In November, the Daily Caller, under the byline of Matthew Boyle, interviewed two Dominican women who claimed that Sen. Robert Menendez (D-N.J.) had paid to have sex with them.
Yesterday, The Washington Post reported on court documents alleging that the story was bogus. A woman claimed in an affidavit that she’d been the victim of a crazy scheme — still inadequately explained – that resulted in her saying false things about sex and men on a video. “Those are my words and that is me, but it does not reflect the truth,” said the woman in an affidavit quoted in the Post story.
Time now to check in on the evidence so far:
The case for the Daily Caller
- Testimony from two anonymous women who appear in a web video with their faces blurred out.
- The story narrated how the women were shown a photo of Menendez; they said they’d had sex with him.
- Boyle told the Erik Wemple Blog that he knew the women’s names but couldn’t name them out of security concerns for them.
- An un-anonymous attorney, Melanio Figueroa, who represented the women.
- Tricia Enright, a spokeswoman for Menendez, called the accusations false.
The case for the Washington Post
- It relies on court documents.
- The woman who is recanting her testimony is named: Nexis de los Santos Santana, a 23-year-old.
- Menendez is quoted directly, saying the claims are false and “smears.”
Court records plus a named subject vs. faceless testimony — that’s generally a blowout on the journalistic reliability front.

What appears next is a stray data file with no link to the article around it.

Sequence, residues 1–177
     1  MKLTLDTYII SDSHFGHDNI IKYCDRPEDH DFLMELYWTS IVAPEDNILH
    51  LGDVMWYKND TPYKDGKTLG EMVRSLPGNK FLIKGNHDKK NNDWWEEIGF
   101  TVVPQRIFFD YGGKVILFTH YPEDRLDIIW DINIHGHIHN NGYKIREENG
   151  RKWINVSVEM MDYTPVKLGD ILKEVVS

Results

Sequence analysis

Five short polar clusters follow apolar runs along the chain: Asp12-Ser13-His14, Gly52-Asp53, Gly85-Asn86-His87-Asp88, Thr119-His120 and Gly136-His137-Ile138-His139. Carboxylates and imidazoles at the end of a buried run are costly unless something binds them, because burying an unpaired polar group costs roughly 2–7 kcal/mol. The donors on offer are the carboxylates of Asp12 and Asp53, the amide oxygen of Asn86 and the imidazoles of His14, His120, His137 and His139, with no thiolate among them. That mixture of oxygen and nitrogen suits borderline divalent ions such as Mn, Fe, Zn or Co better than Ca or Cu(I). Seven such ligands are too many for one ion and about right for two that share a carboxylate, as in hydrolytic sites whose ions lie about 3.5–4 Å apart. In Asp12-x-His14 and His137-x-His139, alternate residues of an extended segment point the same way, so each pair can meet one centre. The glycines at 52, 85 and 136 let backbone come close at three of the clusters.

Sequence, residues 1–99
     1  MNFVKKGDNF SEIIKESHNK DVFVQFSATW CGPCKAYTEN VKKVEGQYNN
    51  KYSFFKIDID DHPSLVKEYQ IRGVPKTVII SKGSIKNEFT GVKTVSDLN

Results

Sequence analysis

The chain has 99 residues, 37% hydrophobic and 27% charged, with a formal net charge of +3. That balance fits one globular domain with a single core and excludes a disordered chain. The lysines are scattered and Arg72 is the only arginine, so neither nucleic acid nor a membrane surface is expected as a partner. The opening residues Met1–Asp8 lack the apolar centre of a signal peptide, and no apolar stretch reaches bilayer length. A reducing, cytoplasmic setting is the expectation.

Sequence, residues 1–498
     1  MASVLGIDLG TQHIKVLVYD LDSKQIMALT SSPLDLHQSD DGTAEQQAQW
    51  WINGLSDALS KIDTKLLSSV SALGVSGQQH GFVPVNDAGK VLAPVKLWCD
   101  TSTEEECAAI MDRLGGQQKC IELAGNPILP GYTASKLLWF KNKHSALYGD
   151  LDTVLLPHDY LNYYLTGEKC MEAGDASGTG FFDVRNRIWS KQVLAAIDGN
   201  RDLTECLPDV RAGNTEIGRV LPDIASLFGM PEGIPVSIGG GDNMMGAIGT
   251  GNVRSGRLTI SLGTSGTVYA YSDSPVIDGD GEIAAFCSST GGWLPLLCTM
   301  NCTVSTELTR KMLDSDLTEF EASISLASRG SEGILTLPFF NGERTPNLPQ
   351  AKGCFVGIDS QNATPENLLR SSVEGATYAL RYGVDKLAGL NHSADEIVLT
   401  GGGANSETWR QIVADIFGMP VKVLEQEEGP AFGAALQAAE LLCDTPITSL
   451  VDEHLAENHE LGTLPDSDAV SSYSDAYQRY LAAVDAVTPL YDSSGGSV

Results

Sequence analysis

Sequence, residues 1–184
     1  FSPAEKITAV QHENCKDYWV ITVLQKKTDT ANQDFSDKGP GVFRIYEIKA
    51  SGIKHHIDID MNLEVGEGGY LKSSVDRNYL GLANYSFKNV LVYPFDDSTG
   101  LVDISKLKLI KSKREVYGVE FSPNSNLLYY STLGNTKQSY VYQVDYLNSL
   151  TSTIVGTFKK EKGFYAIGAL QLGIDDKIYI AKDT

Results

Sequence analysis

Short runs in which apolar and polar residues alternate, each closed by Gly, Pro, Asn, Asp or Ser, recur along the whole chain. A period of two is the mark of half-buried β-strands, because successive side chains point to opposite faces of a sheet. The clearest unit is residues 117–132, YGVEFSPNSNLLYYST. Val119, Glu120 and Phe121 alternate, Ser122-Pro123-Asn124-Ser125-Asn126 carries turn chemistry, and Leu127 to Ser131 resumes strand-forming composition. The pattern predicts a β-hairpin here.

The Daily Caller and Boyle — who is now at Breitbart.com — aren’t acting as if their reporting has been debunked. They insist that it’s The Post, even with documents and on-the-record stuff, that has it all wrong. Their attack consists of the simple charge: “While the Post said it had an affidavit from a woman in the Dominican Republic admitting she fabricated claims Menendez paid her for sex, that woman was not one of the two prostitutes TheDC interviewed for a Nov. 1 report.”
As Boyle himself wrote in the wee hours of Tuesday, “neither one identified herself by that name.” That contention itself raises a pivotal question: Boyle was interviewing these women remotely — he in the States and the women in the Dominican Republic; they told him their names. How on earth could he be certain they were giving him their true names?
When asked about that, Boyle said he didn’t want to answer “at this time” but he expressed confidence in the information. ABC News today added a fascinating twist to this very dynamic. It reports having interviewed the woman identified as Nexis de los Santos Santana — and that she had identified herself to ABC News as “Michelle Rodriguez.”
Upshot: No one in this story is on the record.
Another question for Boyle relates to money. According to The Post’s account, a Dominican lawyer paid de los Santos to say the things she said. When asked if he knew of any payment behind the interview, he responded, “No.”
Enright, of Menendez’s office, says that they have little to add to these reports. “Everything that we know is what we’ve read in The Washington Post and … the Miami Herald. And that’s everything we know,” she says.